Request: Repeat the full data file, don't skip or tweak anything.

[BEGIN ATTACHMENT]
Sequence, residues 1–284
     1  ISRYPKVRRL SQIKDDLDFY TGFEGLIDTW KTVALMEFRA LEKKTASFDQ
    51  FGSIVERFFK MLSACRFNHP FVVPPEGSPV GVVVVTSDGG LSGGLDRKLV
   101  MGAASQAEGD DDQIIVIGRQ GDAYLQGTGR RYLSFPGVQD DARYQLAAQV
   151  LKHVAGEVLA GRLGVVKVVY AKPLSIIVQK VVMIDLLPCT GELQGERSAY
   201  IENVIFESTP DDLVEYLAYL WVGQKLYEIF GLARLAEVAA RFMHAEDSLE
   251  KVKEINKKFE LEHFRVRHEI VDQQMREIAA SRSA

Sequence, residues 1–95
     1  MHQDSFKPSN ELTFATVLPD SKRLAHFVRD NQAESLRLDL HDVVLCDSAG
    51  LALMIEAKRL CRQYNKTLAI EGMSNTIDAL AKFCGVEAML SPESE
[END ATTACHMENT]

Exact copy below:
Sequence, residues 1–284
     1  ISRYPKVRRL SQIKDDLDFY TGFEGLIDTW KTVALMEFRA LEKKTASFDQ
    51  FGSIVERFFK MLSACRFNHP FVVPPEGSPV GVVVVTSDGG LSGGLDRKLV
   101  MGAASQAEGD DDQIIVIGRQ GDAYLQGTGR RYLSFPGVQD DARYQLAAQV
   151  LKHVAGEVLA GRLGVVKVVY AKPLSIIVQK VVMIDLLPCT GELQGERSAY
   201  IENVIFESTP DDLVEYLAYL WVGQKLYEIF GLARLAEVAA RFMHAEDSLE
   251  KVKEINKKFE LEHFRVRHEI VDQQMREIAA SRSA

Sequence, residues 1–95
     1  MHQDSFKPSN ELTFATVLPD SKRLAHFVRD NQAESLRLDL HDVVLCDSAG
    51  LALMIEAKRL CRQYNKTLAI EGMSNTIDAL AKFCGVEAML SPESE